by Shirley Jackson
Analysis: Plot Analysis
Most good stories start with a fundamental list of ingredients: the initial situation, conflict, complication, climax, suspense, denouement, and conclusion. Great writers sometimes shake up the recipe and add some spice.
Villagers gather in the square.
The story begins with a sense of liberation. It's a beautiful summer day, the children are out of school, and the villagers have begun assembling in the square to hold a lottery. It is unclear exactly what the prize of this lottery is going to be, and this mystery persists throughout the story. Clearly, the scene has been set for future revelations, which is exactly what the initial situation is supposed to be about.
Bill Hutchinson gets "it." His wife protests.Explanation/Discussion:
This is the first overt moment of discord we see in the story, as Tess Hutchinson disagrees with the result of the lottery. Basically, this has conflict written all over it.
Each member of the Hutchinson family nervously draws from the box.
Things are starting to get fishy. Clearly, winning the lottery does not entail a trip to Hawaii. The plot thickens as we grow closer to discovering who wins the lottery.
Tess Hutchinson wins the lottery.
We've finally reached the climactic moment of the story, when we find out who has won this famous lottery – but we're still left with several mysteries. What exactly is the prize, and why does Tess seem so unhappy about being selected to receive it? These questions are what lead us to the next stage …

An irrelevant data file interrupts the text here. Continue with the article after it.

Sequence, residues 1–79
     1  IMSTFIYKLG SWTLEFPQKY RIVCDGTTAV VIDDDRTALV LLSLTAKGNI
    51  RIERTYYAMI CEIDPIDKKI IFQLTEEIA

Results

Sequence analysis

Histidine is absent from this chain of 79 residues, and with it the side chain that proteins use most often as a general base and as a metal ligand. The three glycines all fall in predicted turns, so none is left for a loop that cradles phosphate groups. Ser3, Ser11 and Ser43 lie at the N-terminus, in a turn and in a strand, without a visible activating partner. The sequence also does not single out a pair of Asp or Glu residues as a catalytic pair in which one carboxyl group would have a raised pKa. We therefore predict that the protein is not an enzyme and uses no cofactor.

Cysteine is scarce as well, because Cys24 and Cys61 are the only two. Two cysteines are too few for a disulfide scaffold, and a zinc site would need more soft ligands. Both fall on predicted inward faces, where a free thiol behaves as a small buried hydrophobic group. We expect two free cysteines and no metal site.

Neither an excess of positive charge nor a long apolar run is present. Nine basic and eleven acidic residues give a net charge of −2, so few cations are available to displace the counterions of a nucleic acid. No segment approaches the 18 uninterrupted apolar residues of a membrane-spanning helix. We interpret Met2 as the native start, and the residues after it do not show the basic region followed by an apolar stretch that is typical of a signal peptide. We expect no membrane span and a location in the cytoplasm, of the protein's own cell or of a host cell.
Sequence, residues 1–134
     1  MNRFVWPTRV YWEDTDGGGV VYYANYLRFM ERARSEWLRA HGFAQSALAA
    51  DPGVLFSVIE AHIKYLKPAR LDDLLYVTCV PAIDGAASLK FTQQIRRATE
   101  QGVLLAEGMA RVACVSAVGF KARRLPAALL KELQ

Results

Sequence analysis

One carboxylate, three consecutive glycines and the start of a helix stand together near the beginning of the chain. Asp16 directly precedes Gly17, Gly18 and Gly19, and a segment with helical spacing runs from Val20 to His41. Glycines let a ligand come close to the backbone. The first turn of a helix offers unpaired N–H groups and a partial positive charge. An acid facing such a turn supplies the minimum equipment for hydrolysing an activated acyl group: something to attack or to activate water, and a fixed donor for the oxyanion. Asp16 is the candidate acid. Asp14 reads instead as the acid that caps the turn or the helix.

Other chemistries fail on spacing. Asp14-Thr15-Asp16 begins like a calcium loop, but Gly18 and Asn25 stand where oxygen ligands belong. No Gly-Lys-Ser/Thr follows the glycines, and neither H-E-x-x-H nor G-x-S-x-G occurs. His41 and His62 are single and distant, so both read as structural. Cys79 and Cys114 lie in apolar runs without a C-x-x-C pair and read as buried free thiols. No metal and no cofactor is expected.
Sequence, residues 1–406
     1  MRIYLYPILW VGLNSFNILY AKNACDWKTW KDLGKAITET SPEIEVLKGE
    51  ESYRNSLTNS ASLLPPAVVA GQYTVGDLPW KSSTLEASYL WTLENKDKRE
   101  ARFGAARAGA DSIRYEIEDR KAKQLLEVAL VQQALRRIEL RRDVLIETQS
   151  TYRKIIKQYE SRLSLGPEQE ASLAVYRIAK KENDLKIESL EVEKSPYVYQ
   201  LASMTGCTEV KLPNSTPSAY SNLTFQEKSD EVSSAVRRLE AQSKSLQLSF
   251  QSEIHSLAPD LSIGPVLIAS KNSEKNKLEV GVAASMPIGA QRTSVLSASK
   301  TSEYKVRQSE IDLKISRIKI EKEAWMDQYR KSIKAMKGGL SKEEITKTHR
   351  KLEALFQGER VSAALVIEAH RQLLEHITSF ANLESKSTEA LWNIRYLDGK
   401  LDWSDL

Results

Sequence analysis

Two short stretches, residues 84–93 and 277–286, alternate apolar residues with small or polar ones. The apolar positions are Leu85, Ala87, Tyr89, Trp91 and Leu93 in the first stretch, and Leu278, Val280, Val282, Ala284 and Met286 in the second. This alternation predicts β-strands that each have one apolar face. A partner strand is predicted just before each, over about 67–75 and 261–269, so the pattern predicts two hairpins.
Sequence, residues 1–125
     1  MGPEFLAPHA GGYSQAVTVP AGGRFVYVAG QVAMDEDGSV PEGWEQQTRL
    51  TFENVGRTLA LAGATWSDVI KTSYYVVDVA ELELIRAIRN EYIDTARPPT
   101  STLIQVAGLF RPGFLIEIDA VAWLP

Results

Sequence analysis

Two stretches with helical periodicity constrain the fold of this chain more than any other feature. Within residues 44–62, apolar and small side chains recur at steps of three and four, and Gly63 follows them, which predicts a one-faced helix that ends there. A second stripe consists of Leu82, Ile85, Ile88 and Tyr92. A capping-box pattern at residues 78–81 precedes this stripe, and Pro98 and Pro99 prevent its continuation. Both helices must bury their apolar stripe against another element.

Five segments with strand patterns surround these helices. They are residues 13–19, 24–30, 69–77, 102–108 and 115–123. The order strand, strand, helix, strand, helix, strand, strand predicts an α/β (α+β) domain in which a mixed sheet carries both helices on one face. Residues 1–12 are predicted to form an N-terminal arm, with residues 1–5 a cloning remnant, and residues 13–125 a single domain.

Tess Hutchinson protests the lottery.
This whole lottery business is getting weirder and weirder. Tess has won the lottery – so why does she claim it's unfair? We never heard of a California SuperLotto winner protesting the results. We've got growing misgivings about what the prize is, that Tess is so desperate not to get it.
No dice; the villagers surround Tess carrying stones.
Here in the denouement, all suspense is resolved. The villagers ignore Tess's protests as they begin to select the stones they're going to use against here. Suddenly, the penny drops for us, the readers: this lottery winds up in the violent death of its winner. All that's left is the execution.
The villagers begin attacking.
"'It isn't fair, it isn't right,' Mrs. Hutchinson screamed, and then they were upon her" (80). And that's about all we get. Jackson spares us the grisly details, but it's clear that Tess will be stoned to death. The villagers like to finish the lottery in time for lunch, remember?